Sleeping With Purpose

Posted by Jess Tedrick on 19th Sep 2018

Sleeping With Purpose

We talk a lot about how important sleep is. But did you know that you can utilize how you sleep for specific results? Studies show that there are ways to sleep that help with creativity, productivity and stress relief.

Struggling through a creative problem? According to Bed Times Magazine, your brain keeps working on it while you sleep. During the rotation between REM and Light Sleep, your hippocampus and neocortex sync up and then separate through the sleep stages. Researcher Penny Lewis equated it to “two researchers who initially work on the same problem together, then go away and each think about it separately, then come back together to work on it further.” For creative problem solving, a lot of people also suggest sleeping with a notebook next to your bed or using a dream journal to write down ideas as soon as you wake up. Stephen King came up with “Misery” while asleep on a plane and John Steinbeck wrote that “it is a common experience that a problem difficult at night is resolved in the morning.”

While it’s pretty common knowledge that sleeping makes you more productive at work, there are still a few tips to keep in mind. Sleeping a minimum of six hours will help prevent burnout during the day and sleep deprivation increases your typos and mistakes by 50%. What should you do if you’re noticing that you’re getting too drowsy to be productive during the day? Take a nap. Turn your lunch break into nap time but remember that the optimal productivity nap only lasts 20-30 minutesStudies show that sleeping on a consistent schedule helps to boost productivity as well. And one common trait a lot of successful people have? Waking up early to prepare for the day ahead. Set your alarm and resist hitting the snooze button. Once you're up, get purposeful about your morning! Our will power is highest in the morning so work out or plan the day. Make yourself breakfast and focus on the tasks ahead of you.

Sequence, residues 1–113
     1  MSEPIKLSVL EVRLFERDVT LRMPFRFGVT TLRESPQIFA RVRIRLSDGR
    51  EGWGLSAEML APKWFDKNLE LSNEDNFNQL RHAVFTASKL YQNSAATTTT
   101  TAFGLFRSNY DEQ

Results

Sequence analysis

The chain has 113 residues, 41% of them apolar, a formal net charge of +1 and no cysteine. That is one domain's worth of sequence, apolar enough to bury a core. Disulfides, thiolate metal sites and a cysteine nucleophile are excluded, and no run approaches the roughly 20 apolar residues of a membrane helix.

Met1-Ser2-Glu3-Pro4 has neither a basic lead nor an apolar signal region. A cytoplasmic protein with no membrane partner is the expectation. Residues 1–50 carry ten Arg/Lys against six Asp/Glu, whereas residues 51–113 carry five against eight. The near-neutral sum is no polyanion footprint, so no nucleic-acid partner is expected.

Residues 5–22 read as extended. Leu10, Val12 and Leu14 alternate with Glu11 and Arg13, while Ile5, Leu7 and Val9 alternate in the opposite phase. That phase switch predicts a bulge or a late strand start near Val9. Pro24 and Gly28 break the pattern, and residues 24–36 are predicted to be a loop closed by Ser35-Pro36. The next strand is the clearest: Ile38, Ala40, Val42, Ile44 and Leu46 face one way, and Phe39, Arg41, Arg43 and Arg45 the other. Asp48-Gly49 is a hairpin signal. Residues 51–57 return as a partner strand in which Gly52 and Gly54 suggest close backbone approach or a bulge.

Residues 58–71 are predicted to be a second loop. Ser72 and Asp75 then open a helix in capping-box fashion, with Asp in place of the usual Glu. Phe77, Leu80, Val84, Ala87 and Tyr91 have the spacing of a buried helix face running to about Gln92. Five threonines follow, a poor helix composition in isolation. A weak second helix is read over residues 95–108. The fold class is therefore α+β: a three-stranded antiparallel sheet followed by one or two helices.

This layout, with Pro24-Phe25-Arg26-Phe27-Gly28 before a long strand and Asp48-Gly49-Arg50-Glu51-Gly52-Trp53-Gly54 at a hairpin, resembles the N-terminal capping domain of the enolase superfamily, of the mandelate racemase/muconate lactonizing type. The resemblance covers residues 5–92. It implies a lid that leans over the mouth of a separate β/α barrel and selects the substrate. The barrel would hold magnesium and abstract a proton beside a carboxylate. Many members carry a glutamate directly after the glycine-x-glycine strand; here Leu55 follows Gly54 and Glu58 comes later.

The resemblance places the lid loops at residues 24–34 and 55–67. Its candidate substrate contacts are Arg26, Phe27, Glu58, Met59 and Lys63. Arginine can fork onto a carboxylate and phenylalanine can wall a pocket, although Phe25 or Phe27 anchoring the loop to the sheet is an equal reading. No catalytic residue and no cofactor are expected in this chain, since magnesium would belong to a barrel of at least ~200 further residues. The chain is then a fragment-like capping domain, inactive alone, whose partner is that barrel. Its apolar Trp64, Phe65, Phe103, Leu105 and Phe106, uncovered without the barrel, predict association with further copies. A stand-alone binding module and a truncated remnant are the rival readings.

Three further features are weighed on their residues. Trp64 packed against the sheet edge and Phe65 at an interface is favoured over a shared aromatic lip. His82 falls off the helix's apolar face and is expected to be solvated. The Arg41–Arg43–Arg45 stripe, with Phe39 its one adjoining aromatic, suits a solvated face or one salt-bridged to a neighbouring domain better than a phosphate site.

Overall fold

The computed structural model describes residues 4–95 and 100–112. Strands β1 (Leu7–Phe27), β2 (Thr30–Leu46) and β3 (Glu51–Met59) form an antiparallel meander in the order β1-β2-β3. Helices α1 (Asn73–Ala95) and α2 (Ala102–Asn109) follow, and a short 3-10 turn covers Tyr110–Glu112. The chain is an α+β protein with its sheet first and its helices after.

Sleeping for stress relief is all about the preparation. Stress can have a negative impact on sleep and a lack of sleep can cause more stress, it’s a vicious circle. There are some ways to slow your mind down and get ready for sleep that may help. One suggested practice is meditation. Studies show that meditation can help with a wide variety of things but one of the most common ways to use it focuses on transitioning to sleep. You’re mind is going all day, you’re stressing and working and most people need to set aside time before trying to sleep for a sort of transition phase. Meditate, breathe deeply, listen to calming music, or journal. The key goal during this phase is to quiet your mind enough to be able to sleep once you crawl into your down comforter and ease your head on a soft pillow for a good night's rest.